Once organizations are approved for an energy audit grant from the Met Ed/Penelec Sustainable Energy Fund, they need to do research on energy audit companies and request quotes from three qualified firms. After a company has been hired, the auditor will conduct a Preliminary Energy-Use Analysis (PEA) which involves gathering about two years of energy bills to determine energy consumption and costs. The findings from the PEA provide background data for all other segments of the energy audit process that follow.
The results from the PEA along with a survey of the facility and interviews with building operations personnel are used to create an energy audit report containing recommendations for energy efficiency measures (EEMs) or energy conservation measures (ECMs).
White from the Greater Berks Development Fund stressed the importance of finding companies who are familiar with the American Society of Heating , Refrigerating and Air Conditioning Engineers (ASHRAE) Procedures for Commercial Building Energy Audits. With over 54,000 members worldwide, the ASHRAE focuses on building systems, energy efficiency, indoor air quality, refrigeration, and sustainability within the industry. Companies can bundle a list of services and call it an energy audit, but ASHRAE provides the national standard for the energy audits.
Spangler said, “The process can be a little intimidating, but the final audit was very useful.” The energy audit concludes with a report of the auditor’s findings. In this report are the energy efficiency measures, charts displaying the findings from the energy bills from the past two years, and tables calculating the eventual payback of implementing each energy efficiency measure that was recommended.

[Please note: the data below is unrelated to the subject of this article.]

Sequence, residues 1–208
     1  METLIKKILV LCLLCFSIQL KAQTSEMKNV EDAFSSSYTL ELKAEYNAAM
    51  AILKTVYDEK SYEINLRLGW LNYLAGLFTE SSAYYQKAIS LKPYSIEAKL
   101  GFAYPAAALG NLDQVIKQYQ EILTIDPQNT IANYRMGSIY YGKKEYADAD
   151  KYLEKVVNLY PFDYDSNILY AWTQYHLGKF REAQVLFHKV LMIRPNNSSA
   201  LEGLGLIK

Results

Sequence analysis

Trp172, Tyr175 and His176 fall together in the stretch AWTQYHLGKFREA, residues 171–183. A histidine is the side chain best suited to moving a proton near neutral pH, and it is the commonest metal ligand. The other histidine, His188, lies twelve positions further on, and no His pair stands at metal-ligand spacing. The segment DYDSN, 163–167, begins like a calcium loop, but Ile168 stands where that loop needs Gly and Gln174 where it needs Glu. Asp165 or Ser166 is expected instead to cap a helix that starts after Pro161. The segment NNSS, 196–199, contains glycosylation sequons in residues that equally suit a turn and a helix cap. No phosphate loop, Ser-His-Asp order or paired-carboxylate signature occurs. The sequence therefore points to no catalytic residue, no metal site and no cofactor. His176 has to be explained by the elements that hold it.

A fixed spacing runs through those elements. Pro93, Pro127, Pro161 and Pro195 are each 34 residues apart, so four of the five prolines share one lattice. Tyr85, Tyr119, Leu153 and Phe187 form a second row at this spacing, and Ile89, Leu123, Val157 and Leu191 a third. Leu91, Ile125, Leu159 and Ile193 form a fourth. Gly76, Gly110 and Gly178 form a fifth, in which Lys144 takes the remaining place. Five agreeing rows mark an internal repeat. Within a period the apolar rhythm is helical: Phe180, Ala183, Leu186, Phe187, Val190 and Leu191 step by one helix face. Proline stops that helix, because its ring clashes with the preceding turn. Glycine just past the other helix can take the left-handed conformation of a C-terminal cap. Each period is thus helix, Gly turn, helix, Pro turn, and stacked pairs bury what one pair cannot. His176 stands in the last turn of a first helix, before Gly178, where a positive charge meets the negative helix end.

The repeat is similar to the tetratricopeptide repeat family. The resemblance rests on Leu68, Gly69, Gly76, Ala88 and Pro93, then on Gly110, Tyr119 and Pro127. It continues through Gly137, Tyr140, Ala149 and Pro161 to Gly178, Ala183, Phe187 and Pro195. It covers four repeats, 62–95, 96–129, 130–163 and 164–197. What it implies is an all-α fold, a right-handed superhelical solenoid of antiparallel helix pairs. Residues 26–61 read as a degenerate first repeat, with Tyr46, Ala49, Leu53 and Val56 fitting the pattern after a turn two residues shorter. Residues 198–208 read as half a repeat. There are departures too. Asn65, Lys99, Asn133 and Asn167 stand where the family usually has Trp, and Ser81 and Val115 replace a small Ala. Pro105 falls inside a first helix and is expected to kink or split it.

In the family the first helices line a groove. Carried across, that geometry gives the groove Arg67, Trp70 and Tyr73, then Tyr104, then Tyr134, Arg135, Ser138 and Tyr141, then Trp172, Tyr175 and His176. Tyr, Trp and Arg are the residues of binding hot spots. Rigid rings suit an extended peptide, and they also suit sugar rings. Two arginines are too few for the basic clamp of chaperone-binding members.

Obviously the energy audit is meant to provide insight into a building’s energy usage that can be acted upon to make decisions. For White, the building energy audit shed light on which of the building’s systems are the high energy consumers as well as estimates of potential energy savings if those systems’ equipment were to be replaced with more energy efficient equipment. Spangler said that with the findings from the building energy audit, The Learning Lamp was able to build the costs into a planned renovation project.
When asked if they would recommend the Met Ed/Penelec Sustainable Energy Fund’s Energy Audit Program to other nonprofit organizations in the region, White and Spangler both agreed, yes. Between finding ways to save money in energy costs during challenging economic times and discovering new information that would otherwise be unavailable, the energy audit program is a good tool for any nonprofit organization that owns property to consider.
Spangler and White had some very important tips to share with potential applicants of the Energy Audit Program in the coming years. White says to do your research and find an engineering firm that has experience with energy audits to perform your professional building energy audit. Check their references! Spangler recommends that you meet with several engineering firms and request several quotes and select the firm to perform your energy audit with whom you are the most comfortable talking.
For information on how to apply for an energy audit, go to the click here.